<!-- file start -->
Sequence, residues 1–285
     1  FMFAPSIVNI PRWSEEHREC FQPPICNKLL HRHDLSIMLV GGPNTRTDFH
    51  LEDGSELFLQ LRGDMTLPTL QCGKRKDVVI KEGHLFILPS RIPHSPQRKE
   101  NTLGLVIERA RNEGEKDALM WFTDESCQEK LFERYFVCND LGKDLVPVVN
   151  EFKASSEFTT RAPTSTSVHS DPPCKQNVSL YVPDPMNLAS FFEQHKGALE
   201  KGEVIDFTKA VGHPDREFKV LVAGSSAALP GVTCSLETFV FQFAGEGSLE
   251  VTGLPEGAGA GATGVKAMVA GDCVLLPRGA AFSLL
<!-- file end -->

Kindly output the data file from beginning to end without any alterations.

Sequence, residues 1–285
     1  FMFAPSIVNI PRWSEEHREC FQPPICNKLL HRHDLSIMLV GGPNTRTDFH
    51  LEDGSELFLQ LRGDMTLPTL QCGKRKDVVI KEGHLFILPS RIPHSPQRKE
   101  NTLGLVIERA RNEGEKDALM WFTDESCQEK LFERYFVCND LGKDLVPVVN
   151  EFKASSEFTT RAPTSTSVHS DPPCKQNVSL YVPDPMNLAS FFEQHKGALE
   201  KGEVIDFTKA VGHPDREFKV LVAGSSAALP GVTCSLETFV FQFAGEGSLE
   251  VTGLPEGAGA GATGVKAMVA GDCVLLPRGA AFSLL